November 25, 2019

How to Handle Questions Designed to Make You Look Bad

How To , Business Communication , Seen|Read|Heard , Presentation Tips

"Audiences want you to succeed," we tell our students at The Buckley School. And generally, that is true. No one enjoys watching a speaker suffer with nerves or struggle to deliver their material.


Most of us have been in business situations where someone opposed our ideas—or maybe worse, just took a dislike to us. We've all presented to skeptics, tough critics, and the dreaded "devil’s advocate."

Often, these sorts are not asking questions to gain a better understanding of your proposal. So, how do you handle challenges designed to make you or your ideas look bad?

Fiona Hill. Photo by Sharon Farmer

In her testimony before members of Congress, Fiona Hill impressed with her ability to do just that. Here are some of the things she did that you can do, too: 

Keep control of yourself

As we read stories about Hill's testimony, it's easy to see what struck people the most: her overall demeanor. She came off as intelligent, assertive, and confident in her message. Her facial expressions, vocal tones, body language and rate of speech helped create this impression. She seemed passionate, ready to defend her points, yet composed under fire.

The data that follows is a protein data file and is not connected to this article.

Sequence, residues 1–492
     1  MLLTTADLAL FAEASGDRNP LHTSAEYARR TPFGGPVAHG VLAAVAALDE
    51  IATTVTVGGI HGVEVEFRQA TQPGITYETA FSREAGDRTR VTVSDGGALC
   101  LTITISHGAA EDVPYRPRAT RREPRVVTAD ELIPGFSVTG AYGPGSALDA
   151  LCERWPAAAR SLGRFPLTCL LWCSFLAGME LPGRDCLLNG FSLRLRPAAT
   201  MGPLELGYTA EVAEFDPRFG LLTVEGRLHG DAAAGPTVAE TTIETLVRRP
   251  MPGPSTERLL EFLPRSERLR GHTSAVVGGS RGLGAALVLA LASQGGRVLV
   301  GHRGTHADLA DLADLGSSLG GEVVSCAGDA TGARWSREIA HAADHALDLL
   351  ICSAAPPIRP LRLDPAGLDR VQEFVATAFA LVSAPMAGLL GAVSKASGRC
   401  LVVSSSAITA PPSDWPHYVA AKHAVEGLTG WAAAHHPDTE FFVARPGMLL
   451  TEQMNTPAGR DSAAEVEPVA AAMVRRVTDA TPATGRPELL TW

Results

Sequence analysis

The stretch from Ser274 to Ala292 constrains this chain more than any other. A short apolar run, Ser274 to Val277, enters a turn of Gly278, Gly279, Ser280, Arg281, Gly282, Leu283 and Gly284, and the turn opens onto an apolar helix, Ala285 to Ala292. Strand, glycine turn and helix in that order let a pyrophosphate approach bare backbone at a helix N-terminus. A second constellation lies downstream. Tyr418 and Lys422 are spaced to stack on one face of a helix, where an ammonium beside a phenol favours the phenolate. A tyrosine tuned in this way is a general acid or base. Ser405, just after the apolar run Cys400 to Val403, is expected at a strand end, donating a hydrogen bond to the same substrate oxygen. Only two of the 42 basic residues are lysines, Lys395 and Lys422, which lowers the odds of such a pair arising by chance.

You can apply the same techniques in conference room presentations. Making simple choices such as sitting forward in your chair can signal your confidence. Keeping a steady tone and pleasant facial expressions help you appear composed—leaving people with the overall impression that you are prepared, no matter what is thrown your way.


Identify the higher calling

Hill knew she'd be facing people who wanted to challenge her message. In her opening statement, she set the stage for her position and reminded her audience of a higher calling, saying:

Russia's security services and their proxies have geared up to repeat their interference in the 2020 election. We are running out of time to stop them. In the course of this investigation, I would ask that you please not promote politically driven falsehoods that so clearly advance Russian interests.

In a business situation, you can do the same by identifying the naysayers in the room and reminding everyone of the purpose behind your proposal.

For example, you might say, "I know some people here still object to this product launch, but the company has determined we should move forward. Let's not spend time today rehashing that decision but instead look at how we're going to make it happen…"

Then, when those who object try to derail the conversation, others will help you identify that it's going on—and potentially help you shut down that line of questioning. 


Bring the details and your expertise

While presentation and tactics are important, it's also hard to beat someone who brings the substance. Hill certainly did that. Not only was she a subject matter expert, she also told stories with details that made her recollections credible.

Anticipating the questions you'll get and being prepared to answer them will help. It's also a good idea to find out who will be in the room and what their potential objections may be, so that you can know how to counter.

You might even think about meeting one-on-one with those who object, in advance, to understand their position and see if you can get them to understand yours—before you have your disagreements play out in front of an audience.